Carrier (1998) [23] introduced the term virtualism – “when the real world is expected to transform itself in accordance with models” [6]. Frequently, intricate multi-use zone plans work on paper but in practice they can be far beyond the managerial capacity, and ecological and social understanding of the protected area. Naughton-Treves et al. (2005) [6] explains that “much protected-area legislation and policy is a practical exercise in virtualism”.

Revisiting strict protected area management

It is fair to deliberate that revisiting strict protected area management approaches could be more effective. Sceptics such as Robinson (1993) [24] and Freese (1998) [25] explain that “humans usually, although not always, improve their condition by simplifying nature to the detriment of its biological diversity” [26], and so conservation and development approaches will ultimately fail. Furthermore, biodiversity conservation is already poorly funded, and the additional task of alleviating poverty in parallel is impossible unless increased funding is available. The recent expansion of protected area networks may have already outpaced the financial and institutional capacity for effective management, and even if greater financial resources were made available effective management would still be fundamentally difficult to achieve given the vague mandates for protected areas [15]. Some argue that conservation efforts focus too heavily on integrated conservation development projects targeting relatively low-impact activities of local people and fail to engage with the more pressing external stakeholders that may play a greater role in driving conservation problems [27-29]. Sanderson & Redford (2003) [30] state that “Without reshaping poverty alleviation strategies, biodiversity will pay the price for development yet again…”. As one can see there is a new wave of debates emerging for conservation scientists to identify trade-offs between conservation and development to advance conservation approaches.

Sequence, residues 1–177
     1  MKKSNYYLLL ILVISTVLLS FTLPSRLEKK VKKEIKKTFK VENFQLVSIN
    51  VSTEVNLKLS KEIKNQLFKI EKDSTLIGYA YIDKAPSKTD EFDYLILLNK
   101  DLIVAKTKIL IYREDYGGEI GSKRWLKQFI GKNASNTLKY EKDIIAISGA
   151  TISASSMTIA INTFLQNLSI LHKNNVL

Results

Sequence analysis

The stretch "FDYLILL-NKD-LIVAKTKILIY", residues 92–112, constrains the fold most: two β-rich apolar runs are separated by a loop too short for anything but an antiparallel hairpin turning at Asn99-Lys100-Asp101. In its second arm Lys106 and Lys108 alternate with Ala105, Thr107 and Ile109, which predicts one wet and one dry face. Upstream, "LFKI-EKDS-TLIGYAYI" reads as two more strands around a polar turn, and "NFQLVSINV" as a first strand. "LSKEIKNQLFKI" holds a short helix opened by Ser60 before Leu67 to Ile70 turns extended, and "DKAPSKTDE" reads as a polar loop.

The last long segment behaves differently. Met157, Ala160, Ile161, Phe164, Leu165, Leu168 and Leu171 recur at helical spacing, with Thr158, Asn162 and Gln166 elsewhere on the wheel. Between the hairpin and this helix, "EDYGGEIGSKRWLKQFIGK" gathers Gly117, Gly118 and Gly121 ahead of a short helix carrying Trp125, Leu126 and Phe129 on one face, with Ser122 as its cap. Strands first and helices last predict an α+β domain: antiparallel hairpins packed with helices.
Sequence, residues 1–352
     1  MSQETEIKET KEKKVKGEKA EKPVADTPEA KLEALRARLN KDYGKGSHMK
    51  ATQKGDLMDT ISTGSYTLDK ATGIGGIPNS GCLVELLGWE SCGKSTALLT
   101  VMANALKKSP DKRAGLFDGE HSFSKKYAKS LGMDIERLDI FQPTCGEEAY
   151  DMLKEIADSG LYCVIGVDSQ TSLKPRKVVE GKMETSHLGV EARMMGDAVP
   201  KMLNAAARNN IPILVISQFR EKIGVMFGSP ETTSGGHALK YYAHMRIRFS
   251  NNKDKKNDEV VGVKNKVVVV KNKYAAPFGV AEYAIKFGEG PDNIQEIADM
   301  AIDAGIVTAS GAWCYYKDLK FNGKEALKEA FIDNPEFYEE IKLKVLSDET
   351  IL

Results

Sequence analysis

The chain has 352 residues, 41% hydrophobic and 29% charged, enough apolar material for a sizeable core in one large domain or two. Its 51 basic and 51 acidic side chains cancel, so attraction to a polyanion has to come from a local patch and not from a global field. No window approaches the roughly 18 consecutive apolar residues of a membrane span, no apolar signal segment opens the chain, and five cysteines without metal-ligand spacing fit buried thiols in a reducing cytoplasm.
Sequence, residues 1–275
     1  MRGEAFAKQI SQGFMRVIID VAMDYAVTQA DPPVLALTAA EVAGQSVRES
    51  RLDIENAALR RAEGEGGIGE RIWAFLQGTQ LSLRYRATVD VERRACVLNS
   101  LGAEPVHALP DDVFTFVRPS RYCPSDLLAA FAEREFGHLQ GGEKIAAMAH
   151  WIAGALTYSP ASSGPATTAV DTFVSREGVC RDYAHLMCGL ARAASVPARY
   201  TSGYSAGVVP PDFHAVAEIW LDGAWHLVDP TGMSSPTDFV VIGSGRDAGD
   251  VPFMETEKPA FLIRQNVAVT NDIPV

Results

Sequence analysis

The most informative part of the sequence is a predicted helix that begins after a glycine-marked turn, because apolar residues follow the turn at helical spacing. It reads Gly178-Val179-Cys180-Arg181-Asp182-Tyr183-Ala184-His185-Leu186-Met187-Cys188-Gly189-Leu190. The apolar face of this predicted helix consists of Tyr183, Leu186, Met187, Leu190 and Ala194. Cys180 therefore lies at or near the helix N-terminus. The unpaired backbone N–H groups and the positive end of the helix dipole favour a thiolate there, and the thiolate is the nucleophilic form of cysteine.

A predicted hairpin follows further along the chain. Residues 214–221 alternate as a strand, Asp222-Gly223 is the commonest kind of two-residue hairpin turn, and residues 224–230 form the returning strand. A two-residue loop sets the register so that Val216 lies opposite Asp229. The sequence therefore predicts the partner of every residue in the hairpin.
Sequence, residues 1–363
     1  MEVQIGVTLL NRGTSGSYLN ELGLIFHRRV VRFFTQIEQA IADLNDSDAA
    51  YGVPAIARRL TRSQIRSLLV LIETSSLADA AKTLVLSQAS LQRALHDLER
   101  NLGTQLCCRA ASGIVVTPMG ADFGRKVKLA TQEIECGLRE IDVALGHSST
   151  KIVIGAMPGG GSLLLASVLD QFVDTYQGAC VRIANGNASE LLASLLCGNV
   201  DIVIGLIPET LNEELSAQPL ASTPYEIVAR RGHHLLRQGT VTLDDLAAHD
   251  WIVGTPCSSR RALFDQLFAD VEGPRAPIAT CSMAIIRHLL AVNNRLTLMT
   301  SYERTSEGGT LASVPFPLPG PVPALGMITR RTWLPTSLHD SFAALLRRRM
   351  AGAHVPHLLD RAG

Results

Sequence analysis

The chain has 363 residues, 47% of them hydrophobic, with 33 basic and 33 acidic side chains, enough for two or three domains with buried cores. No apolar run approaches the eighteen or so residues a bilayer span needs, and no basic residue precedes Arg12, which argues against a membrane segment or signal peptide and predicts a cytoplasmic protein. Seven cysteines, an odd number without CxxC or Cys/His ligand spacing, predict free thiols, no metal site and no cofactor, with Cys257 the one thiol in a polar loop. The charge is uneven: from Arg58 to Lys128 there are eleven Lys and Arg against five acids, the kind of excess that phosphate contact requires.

Landscape-scale conservation

It is now widely recognised that to conserve biodiversity one must ensure the protection of the whole ecosystem within which it is found. Unfortunately, most protected areas are not large enough to conserve whole ecosystem functioning and thus maintain adequate populations of threatened species. Research suggests that only around 10,000 protected areas are large enough to slow long-term species loss [6]. As such, conservation efforts should be enforced across larger landscape-scales. Perhaps at these scales, in less-fragile environments than those found inside protected areas, conservation and development approaches are more appropriate. There has been increasing pressure from development organisations for biologically-rich protected areas to provide for rural communities but as outlined in this paper, this is often too difficult to realize.
South Africa’s Working for Water programme demonstrates how landscape-scale conservation and development initiatives can be successful. A cost-benefit analysis showed that cutting down water-thirsty alien plant species was a more efficient solution to water provision than building dams, with an additional advantage of conserving biodiversity. Since its inception in 1995 more than 1 million hectares of invasive vegetation has been cleared providing employment for approximately 20,000 people. Employment is targeted at women from poor communities who receive training and additional socio-economic assistance [31,32]. Such large scale conservation initiatives can also be praised for their contribution to transnational conservation, maintaining earth-system functioning on a global scale.